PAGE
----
3. Develop collaborations with advocates, experts on IDD, and people with lived experience in the criminal justice system.

Criminal justice administrators cannot effectively respond to the needs of people with IDD alone, so it is important to build and maintain cross systems collaborations that dismantle silos. Partnering with stakeholders, comprised of individuals from the IDD community, can help criminal justice administrators better understand the needs of people with IDD and increase their access to services. One way to establish these partnerships is by collaborating with a local chapter of The Arc—the largest community-based organization in the U.S. advocating with and for people with IDD—to create or join a Disability Response Team. Criminal justice administrators can also establish referral agreements with local programs and service providers.

4. Conduct more research on the needs of people with IDD.

Criminal justice administrators should invest in more research on the needs of people with IDD in the criminal justice system. Currently, research on the subject is limited. Not only would this help administrators create and enhance programs that address the unique needs for people with IDD, but research also could lead to more funding for sustainable programs to help improve outcomes for this population.

IDD Screening Tools

If responses and/or observations to initial questions suggest that the person may have a disability, then staff trained on IDD should conduct a further screen.8 Below are three validated IDD screening tools:

Hayes Ability Screening Index-Nonverbal
This index is a brief, individually administered screening tool used to identify people who may have intellectual disabilities whether they are victims, witnesses, or suspected of committing a crime. It can be administered by non-mental health professionals within 5-10 minutes and includes both self-report questions and performance-based tasks.

Learning Disability Screening Questionnaire
This questionnaire is a brief screening tool used to identify people over the age of 16 who may have intellectual disabilities. It can be completed directly by the person being screened or by another person who knows the individual well. It has been used in both clinical and criminal justice settings, including in probation, prison, and police departments.9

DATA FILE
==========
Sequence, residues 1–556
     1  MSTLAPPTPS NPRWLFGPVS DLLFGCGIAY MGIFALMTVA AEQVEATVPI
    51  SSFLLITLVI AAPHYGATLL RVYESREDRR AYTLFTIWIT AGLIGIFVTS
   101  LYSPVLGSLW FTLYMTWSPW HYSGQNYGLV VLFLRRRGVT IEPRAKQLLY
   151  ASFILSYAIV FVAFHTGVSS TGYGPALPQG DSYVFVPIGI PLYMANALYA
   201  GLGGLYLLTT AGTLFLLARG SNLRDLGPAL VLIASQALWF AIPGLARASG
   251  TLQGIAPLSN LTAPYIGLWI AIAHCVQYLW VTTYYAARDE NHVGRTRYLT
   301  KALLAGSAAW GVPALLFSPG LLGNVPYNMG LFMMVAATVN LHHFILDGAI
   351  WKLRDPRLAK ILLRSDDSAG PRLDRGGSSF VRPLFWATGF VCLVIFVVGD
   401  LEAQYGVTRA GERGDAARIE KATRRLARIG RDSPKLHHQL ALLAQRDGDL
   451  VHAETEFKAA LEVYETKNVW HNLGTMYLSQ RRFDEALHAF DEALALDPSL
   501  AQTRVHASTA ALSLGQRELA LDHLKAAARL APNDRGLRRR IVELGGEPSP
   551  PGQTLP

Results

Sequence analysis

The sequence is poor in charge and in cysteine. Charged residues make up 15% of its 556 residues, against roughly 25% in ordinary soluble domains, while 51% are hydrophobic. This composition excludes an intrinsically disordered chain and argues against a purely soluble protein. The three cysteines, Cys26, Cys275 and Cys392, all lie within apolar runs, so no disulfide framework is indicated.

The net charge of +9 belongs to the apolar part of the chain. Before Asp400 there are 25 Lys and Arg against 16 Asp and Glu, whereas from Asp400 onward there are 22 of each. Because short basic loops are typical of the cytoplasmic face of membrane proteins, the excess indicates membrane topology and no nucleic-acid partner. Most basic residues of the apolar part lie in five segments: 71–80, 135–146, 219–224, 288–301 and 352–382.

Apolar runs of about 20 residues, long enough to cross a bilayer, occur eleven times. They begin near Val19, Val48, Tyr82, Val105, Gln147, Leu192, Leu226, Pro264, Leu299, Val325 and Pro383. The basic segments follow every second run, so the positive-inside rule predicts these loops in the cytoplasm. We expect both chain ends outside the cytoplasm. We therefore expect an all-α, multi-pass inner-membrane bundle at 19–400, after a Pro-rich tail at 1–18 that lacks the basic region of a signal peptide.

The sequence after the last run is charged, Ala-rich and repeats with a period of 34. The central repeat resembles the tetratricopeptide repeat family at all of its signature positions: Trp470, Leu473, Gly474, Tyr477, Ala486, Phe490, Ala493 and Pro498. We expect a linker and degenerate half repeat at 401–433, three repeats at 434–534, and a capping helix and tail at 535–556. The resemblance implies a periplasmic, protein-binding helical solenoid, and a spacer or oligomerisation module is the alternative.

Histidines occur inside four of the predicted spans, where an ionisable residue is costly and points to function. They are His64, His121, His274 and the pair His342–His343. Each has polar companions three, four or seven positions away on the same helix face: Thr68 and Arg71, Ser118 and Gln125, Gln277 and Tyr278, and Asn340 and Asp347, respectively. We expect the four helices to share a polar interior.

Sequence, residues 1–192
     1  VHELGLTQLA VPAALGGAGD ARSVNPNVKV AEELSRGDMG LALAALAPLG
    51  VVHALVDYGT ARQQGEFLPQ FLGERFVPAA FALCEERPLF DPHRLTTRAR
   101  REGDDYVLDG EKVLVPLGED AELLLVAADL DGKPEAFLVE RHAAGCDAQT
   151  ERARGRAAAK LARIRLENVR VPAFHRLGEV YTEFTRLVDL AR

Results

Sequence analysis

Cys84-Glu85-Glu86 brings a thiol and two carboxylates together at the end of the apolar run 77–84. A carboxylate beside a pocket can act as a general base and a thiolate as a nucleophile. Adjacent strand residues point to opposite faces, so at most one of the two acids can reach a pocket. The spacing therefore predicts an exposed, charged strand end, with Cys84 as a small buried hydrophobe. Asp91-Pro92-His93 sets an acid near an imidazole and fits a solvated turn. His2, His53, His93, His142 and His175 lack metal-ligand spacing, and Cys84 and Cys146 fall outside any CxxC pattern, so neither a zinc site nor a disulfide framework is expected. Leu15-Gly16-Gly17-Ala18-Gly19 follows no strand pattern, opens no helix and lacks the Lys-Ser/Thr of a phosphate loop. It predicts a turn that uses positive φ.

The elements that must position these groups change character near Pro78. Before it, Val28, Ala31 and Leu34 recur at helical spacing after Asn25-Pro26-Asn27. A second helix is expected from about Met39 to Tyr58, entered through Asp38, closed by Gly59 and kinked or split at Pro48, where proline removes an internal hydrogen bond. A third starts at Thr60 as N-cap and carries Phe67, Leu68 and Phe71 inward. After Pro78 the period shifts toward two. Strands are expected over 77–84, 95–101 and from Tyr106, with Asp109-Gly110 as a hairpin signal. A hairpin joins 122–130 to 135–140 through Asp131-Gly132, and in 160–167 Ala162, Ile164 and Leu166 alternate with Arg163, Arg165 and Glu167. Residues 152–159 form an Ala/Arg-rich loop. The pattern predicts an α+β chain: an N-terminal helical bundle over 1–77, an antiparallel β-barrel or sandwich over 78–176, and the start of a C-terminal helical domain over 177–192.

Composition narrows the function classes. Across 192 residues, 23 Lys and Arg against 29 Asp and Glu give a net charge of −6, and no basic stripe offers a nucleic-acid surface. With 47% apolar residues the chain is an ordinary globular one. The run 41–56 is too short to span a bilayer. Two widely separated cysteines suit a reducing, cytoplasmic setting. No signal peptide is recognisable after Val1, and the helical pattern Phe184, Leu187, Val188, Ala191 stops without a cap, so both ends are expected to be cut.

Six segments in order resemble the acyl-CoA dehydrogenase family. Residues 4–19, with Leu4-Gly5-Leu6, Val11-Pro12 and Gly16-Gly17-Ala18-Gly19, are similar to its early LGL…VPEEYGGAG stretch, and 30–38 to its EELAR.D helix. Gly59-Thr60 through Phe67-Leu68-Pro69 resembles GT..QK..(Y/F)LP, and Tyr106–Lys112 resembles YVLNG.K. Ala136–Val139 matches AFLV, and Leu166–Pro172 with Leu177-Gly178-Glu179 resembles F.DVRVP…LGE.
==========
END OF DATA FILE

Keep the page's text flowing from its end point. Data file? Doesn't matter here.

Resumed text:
Rapid Assessment of Potential Intellectual Disability (RAPID)
This screening tool provides a simple and easy measurement to identify people who may have intellectual disabilities so that they may be referred for further assessment to confirm the diagnosis. It includes a total of 15 questions which are asked in a structured interview and takes about 3-5 minutes to administer.

Endnotes

1. “About Intellectual and Developmental Disabilities,” U.S. Department of Health and Human Services and National Institutes of Health, accessed March 22, 2022, https://www.nichd.nih.gov/health/topics/idds/conditioninfo. 2. “Dehumanization, Discrimination, and Segregation,” Disability Justice, accessed March 22, 2022, https://disabilityjustice.org/justice-denied/dehumanization-discrimination-and-segregation/. 3. Leigh Ann Davis, People with Intellectual Disabilities in the Criminal Justice Systems: Victims and Suspects (Washington, DC: The Arc, 2009), https://thearc.org/wp-content/uploads/forchapters/Criminal%20Justice%20System.pdf. 4. “Examples and Resources to Support Criminal Justice Entities in Compliance with Title II of the Americans with Disabilities Act,” U.S. Department of Justice Civil Rights Division, accessed March 29, 2022, https://www.ada.gov/cjta.html. 5. “IDD Screening,” Centre for Addiction and Mental Health, accessed March 22, 2022, https://www.camh.ca/en/professionals/treating-conditions-and-disorders/intellectual-and-developmental-disabilities/idd—screening. 6. The International Association of Chiefs of Police (IACP) has a policy on interacting with people with IDD. See “Interactions with Individuals with Intellectual and Developmental Disabilities,” IACP, accessed March 22, 2022, https://www.theiacp.org/resources/policy-center-resource/intellectual-and-developmental-disabilities. 7. Amy C. Watson, Michael T. Compton, and Leah G. Pope, Crisis Response Services for People with Mental Illnesses or Intellectual and Developmental Disabilities: A Review of the Literature on Police-based and Other First Response Models (New York: Vera Institute of Justice, 2019), https://www.vera.org/downloads/publications/crisis-response-services-for-people-with-mental-illnesses-or-intellectual-and-developmental-disabilities.pdf. 8. Please note that a screening is not an assessment. A full assessment is needed to determine an official diagnosis of IDD. 9. AL Murray, T Booth, and K McKenzie, “An Analysis of Differential Item Functioning by Gender in the Learning Disability Screening Questionnaire (LDSQ),” Research in Developmental Disabilities 39 (2015): 76–82, https://doi.org/10.1016/j.ridd.2014.12.006